In our forthcoming book, Leading Impact Teams, we discuss the importance for students to have a system in place to track their progress towards mastery of district/school focus standards. An e-portfolio allows students to collect evidence of their learning. They also help students to reflect on their learning. They create a sense of personal ownership over one’s learning, because ownership inspires pride, responsibility and dedication. A Student Learning Portfolio provides an organizational structure for students and teachers to collect evidence of the mastery of focus standards. In addition, portfolios are also effective for managing and organizing student voice artifacts such as: student work reflections, self and peer assessments, completed goal setting sheets and learning logs.

Students in classrooms that emphasize improvement, progress, effort and the process of learning rather than grade are more likely to use a variety of learning strategies and have a more positive attitude toward learning. Often in traditional educational settings we have shortchanged the process of learning in favor of the products of learning. Students are not regularly asked to examine how they succeeded or failed or improved on a task or to set goals for future work; the final product and evaluation of it receives the bulk of the attention in many classrooms. Consequently, students are not developing the metacognitive skills that will enable them to reflect upon and make adjustments in their learning in school and beyond.

Portfolios provide an excellent vehicle for consideration of process and the development of related skills. Portfolios are frequently included with other types of authentic assessments because they move away from telling a student’s story though test scores and, instead, focus on a meaningful collection of student performance and meaningful reflection and evaluation of that work.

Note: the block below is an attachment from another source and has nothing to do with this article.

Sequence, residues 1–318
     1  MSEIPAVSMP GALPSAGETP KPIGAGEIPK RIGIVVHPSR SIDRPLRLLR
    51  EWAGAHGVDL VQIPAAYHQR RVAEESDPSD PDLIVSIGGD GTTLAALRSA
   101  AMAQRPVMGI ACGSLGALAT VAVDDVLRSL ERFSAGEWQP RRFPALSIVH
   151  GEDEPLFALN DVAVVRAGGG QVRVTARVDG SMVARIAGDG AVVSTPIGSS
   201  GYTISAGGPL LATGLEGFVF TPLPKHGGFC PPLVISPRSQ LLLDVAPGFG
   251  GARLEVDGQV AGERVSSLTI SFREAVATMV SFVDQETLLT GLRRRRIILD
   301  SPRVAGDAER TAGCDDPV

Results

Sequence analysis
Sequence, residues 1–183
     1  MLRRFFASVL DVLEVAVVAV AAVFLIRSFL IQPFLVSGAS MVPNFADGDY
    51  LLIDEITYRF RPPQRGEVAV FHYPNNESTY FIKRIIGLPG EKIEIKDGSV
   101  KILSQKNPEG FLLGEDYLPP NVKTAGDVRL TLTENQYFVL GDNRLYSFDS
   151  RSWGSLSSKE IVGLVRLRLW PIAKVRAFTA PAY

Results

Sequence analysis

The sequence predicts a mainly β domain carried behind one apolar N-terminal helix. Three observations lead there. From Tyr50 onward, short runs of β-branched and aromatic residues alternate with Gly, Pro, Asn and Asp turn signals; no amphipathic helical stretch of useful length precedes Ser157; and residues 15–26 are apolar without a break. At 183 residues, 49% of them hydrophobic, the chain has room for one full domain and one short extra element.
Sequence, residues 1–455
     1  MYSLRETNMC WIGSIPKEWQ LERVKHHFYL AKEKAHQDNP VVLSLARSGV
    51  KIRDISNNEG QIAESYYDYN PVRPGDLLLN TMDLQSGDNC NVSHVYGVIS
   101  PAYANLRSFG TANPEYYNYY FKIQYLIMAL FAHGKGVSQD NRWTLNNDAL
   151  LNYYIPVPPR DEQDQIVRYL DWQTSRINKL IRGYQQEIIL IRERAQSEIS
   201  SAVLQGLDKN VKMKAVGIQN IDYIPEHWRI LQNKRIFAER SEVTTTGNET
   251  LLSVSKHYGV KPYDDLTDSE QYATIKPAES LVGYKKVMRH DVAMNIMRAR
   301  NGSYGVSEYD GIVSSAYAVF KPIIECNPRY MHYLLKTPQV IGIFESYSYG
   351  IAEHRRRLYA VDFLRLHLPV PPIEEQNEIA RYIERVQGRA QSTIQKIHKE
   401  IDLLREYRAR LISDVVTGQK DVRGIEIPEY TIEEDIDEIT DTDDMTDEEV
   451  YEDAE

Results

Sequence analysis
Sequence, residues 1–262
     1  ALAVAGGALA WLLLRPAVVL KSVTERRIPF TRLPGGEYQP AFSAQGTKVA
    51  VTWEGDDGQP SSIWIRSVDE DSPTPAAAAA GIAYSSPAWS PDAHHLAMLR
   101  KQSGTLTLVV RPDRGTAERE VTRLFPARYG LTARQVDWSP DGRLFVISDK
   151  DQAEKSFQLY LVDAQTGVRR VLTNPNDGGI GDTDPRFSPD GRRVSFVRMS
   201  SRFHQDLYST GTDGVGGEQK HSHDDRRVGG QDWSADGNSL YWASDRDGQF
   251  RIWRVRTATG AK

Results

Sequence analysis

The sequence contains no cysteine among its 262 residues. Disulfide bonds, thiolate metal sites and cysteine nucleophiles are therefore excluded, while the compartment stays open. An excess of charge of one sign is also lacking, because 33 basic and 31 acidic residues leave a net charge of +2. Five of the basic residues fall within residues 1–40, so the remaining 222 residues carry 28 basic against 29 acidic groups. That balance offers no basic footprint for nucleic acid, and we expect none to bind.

Portfolios of Student Learning

Students must understand that there is a direct relationship between increasing their own learning and the amount of effort that they strategically exert. It is important that each student has a folder (digital or real) that they collect evidence of mastery towards district or school focus standards. Each folder should represent one focus standard and multiple pieces of evidence should showcase the student’s progress toward learning and ultimate mastery of that standard.

It is the student’s responsibility to prove to the teacher that he/she has mastered the focus standard. If the student is not on grade level, the student would be showcasing the work that they are doing in developing their skills and knowledge of the learning progression based on the district or school focus standard. The table below provides a list of possible student work inclusions that may be considered for a portfolio of student learning.

Infographic of student e-portfolios

Portfolio of Student Learning

As Paulson, Paulson and Meyer (1991) stated, “The portfolio is something that is done by the student, not to the student.” Most importantly, it is something done for the student. The student needs to be directly involved in each phase of the portfolio development to learn the most from it, and the reflection phase holds the most promise for promoting student growth. Utilizing portfolios as a method for tracking progress and mastery toward school or district focus standards is essential for students to truly own their learning.

Works Cited:

Paulson, Paulson & Meyer. (1991). “What Makes a Portfolio a Portfolio.” Educational Leadership.

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